this, and other theological movements were heavily repressed by the American secular state, a state which still “mutes and manages” race, according to Vincent W. Lloyd, and religion, in a so-called “postracial regime of America”2.

So long as religion remains a mythical beast which must be tamed by the secular, we are unlikely to see any significant shift away from violence in the modern world. In fact, the more that religion is maligned and its leadership marginalized, we will continue to see ever greater and amplified violence inflicted on parts of the world who tragically have also had their voices muted and their narratives managed, all in the name of “peace”.

Our violence, being secular, is rational, peace making, and sometimes regrettably necessary to contain their violence. We find ourselves obliged to bomb them into liberal democracy.”3


1. Kahn, Jonathan S., and Lloyd, Vincent W. Race And Secularism In America. New York, Columbia University Press, 2016. Pg. 2.

2. Ibid., Pg. 2.

3. Cavanaugh, William T. The Myth Of Religious Violence: Secular Ideology and the Roots of Modern Conflict . Oxford, Oxford University Press, 2009. Pg. 4.

The Violent Scourge of Modernity

Seldom do I reply to such tragedies as we saw today in London. Not because I am not bothered by them but mostly because I do not wish to politicize loss of life. But I do become weary of the world and its non-stop dirge of violence, as was also seen in NYC with James Jackson, white supremacist and vet, who traveled all the way from Baltimore to New York City in hopes of creating a publicity storm when he murdered Timothy Caughman. I can only offer these words in hope of giving hope to those who feel all hope is lost:

مَنْ قَتَلَ مُعَاهَدًا لَمْ يَرَحْ رَائِحَةَ الْجَنَّةِ، وَإِنَّ رِيحَهَا تُوجَدُ مِنْ مَسِيرَةِ أَرْبَعِينَ عَامًا

“Whoever kills the one with whom there is a social contract will not smell the scent of Paradise though its fragrance is perceived from a distance of forty years.”Prophet Muhammad

I chose to translate the Arabic word “mu’ahad” as “social contract” because in essence, any Muslim who comes to live in a non-Muslim country has entered into a social contract of mutual cooperation and benefit. Such actions are an abomination and violation of that.

Of course the case will have to be investigated, but if it does not prove to be a cause of mental health (something rarely afforded to Muslim perpetrators of violence), then it points to what I feel  the problem: a lack(ing) of Islam, not a problem because of it. Many Muslim youth have been misled as to how they ought to process their grievances with the world (perhaps equally import is for to know that some of their grievances are legitimate, others not). I feel that if there was an actual encouragement for them to (a) read the Qur’an and (b) embody it1, a message coming from religious leadership, we might actually begin to tackle this issue.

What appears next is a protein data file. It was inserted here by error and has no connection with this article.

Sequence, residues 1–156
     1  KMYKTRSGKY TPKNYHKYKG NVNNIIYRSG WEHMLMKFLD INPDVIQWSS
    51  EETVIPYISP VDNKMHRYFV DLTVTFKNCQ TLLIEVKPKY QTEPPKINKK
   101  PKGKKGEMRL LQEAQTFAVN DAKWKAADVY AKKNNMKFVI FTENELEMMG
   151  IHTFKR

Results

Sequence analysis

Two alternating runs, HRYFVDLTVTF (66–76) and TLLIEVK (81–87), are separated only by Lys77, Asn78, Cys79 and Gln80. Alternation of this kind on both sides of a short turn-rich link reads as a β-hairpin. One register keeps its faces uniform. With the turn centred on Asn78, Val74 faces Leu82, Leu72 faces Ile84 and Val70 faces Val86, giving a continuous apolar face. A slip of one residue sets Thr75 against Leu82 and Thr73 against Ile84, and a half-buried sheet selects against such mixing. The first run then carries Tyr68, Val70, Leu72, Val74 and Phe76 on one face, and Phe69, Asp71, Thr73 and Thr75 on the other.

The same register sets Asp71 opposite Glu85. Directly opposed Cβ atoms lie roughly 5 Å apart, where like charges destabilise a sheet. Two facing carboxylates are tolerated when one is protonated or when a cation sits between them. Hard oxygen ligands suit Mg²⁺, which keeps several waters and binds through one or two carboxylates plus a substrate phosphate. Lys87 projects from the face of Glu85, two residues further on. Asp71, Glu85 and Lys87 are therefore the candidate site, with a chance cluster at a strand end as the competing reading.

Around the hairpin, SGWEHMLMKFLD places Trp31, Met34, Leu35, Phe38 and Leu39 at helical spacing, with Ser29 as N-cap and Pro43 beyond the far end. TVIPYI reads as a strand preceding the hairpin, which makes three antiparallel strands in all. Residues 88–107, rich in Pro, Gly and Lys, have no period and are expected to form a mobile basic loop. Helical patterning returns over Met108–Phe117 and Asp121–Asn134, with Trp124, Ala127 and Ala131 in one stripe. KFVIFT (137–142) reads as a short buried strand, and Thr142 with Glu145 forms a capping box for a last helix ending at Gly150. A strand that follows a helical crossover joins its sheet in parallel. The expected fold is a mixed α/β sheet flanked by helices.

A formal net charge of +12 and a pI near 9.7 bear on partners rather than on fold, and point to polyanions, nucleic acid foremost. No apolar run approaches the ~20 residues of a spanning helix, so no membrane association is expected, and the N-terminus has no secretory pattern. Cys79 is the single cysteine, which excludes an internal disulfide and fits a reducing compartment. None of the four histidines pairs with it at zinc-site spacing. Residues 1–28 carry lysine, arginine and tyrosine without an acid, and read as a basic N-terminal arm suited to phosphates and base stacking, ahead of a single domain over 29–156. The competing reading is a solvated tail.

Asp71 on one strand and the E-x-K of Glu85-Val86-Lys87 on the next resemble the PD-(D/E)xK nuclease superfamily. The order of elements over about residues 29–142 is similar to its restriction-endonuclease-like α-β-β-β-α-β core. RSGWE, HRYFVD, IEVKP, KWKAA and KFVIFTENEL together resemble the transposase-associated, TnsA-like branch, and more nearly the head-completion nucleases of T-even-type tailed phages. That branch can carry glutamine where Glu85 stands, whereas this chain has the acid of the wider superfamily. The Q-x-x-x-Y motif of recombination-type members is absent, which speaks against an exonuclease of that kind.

الَّذينَ إِذا أَصابَتهُم مُصيبَةٌ قالوا إِنّا لِلَّهِ وَإِنّا إِلَيهِ راجِعونَ

“Those who, when disaster strikes them, say, ‘We belong to Allah and to Him we will return’.” Qur’an, 2: 156

Part of what makes this difficult is the point from which western secular democracies depart when they view what is perceived to be religiously motivated violence. William Cavanaugh echoes this in his book, The Myth of Religious Violence,

“The idea that religion has a tendency to promote violence is part of the conventional wisdom of Western societies, and it underlies many of our institutions and policies, from limits on the public role of churches to efforts to promote liberal democracy in the Middle East.”2

Particularly grabbing is Cavanaugh’s insights in the root or essence of violence in the modern world, including acts of violence committed by religious groups or individuals. Immediately after the tragic attack in England, Londoners took to the streets, rightfully angry, and began drawing swift conclusions from the event stating that such violence has been ongoing for 1,400 years, unarrested.

What Cavanaugh brings to our attention is that this violence is not “transhistorical and transcultural”3 but is in fact locally situated to its environs. A cursory study of Muslims living in various non-Muslim countries will show the vast majority amply assimilated; clearly the problem is more complicated than simply “they hate us for our freedoms”.

My feelings that the heart of the issue will never be solved by sidelining and excluding meaningful religious leadership. This is all too often the case as secular societies seek to “tame” religion and “restrict its access to public power”4, even if that power is to simply communicate effectively to disenfranchised individuals who, because of modern technology, can greatly amplify their capacity to inflict harm on the world.


1. Cavanaugh , William T. The Myth of Religious Violence: Secular Ideology and the Roots of Modern Conflict. Oxford: Oxford University Press, 2009.

2. Ware III , Rudolph T. The Walking Qur’an: Islamic Education, Embodied Knowledge, and History in West Africa (Islamic Civilization and Muslim Networks). Chapel Hill: The University of North Carolina Press, 2014.

3. Cavanaugh. The Myth of Religious Violence.

4. Cavanaugh. The Myth of Religious Violence.